Underneath the glossy back cover is the 1350mAh battery. The SIM card slot and the MicroSD card slot can be found at the top of the batter compartment if the phone is upright. The SIM card can be put in without removing the battery as well as the MicroSD card. But if you plan to take out the SIM you’d have to remove the battery first.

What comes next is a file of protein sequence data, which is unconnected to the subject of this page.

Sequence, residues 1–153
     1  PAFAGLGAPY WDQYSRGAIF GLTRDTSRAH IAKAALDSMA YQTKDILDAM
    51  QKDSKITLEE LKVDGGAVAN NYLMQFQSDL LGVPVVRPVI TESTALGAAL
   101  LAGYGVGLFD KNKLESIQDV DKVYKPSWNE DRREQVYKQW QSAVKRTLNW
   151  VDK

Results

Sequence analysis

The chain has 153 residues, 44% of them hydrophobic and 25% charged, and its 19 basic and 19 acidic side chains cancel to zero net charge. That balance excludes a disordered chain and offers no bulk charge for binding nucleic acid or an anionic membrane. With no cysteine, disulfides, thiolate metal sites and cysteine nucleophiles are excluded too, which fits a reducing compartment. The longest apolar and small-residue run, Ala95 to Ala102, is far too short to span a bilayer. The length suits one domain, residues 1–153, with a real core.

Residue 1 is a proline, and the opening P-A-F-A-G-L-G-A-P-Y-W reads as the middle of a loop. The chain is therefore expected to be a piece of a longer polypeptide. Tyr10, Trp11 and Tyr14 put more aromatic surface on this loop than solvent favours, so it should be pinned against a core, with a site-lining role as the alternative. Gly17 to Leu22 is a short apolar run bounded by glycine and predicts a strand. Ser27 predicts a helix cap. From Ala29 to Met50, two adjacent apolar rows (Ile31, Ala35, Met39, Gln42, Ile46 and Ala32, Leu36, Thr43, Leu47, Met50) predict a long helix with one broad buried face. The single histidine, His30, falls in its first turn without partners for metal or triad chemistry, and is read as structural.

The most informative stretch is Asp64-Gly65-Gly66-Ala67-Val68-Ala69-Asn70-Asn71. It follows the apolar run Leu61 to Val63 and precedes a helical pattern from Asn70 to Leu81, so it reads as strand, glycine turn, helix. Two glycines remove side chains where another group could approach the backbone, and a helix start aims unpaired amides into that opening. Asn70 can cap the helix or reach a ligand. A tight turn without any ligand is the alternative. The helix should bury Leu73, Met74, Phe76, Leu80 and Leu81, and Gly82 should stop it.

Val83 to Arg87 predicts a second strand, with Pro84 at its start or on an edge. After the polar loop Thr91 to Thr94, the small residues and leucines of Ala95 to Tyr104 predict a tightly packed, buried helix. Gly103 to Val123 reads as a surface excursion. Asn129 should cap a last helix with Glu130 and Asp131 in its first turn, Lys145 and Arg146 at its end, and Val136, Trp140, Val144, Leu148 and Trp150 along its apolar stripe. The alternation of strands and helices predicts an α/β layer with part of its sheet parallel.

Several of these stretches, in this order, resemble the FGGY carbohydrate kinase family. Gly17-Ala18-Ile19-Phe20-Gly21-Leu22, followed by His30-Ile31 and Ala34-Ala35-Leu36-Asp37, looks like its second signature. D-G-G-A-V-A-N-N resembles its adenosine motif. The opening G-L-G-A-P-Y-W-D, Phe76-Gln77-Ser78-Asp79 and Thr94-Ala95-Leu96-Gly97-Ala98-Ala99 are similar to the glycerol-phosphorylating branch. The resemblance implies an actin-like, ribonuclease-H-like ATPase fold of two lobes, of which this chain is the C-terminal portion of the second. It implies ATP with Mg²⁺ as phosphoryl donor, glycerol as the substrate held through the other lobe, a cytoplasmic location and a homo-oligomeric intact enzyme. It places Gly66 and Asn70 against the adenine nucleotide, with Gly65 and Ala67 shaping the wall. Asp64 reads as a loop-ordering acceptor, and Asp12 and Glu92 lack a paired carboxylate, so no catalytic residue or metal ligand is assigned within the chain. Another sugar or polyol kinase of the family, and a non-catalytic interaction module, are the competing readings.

The W900 generally looks decent enough for the most part. The all plastic body of the phone is not all that bad as it made the phone lightweight and therefore easy on the hands. On the business side of things, it made the cost of the phone cheaper as the materials used are inexpensive by nature. Some may find the glossy finish of the handset attractive and some may not. For me, the shiny appeal doesn’t really appeal to me that much. The flaps are also a great addition as it adds a little bit of protection to the phone from dirt and dusts. We think that with proper caution, those flaps will last for a long period of time. We also liked the gold accent on the black phone. It added a Mike Tyson feel to it. But the phone has one too many logos. I think that it would’ve been better if they dropped the engraved “Curvaceous” at the back and just went for a single logo.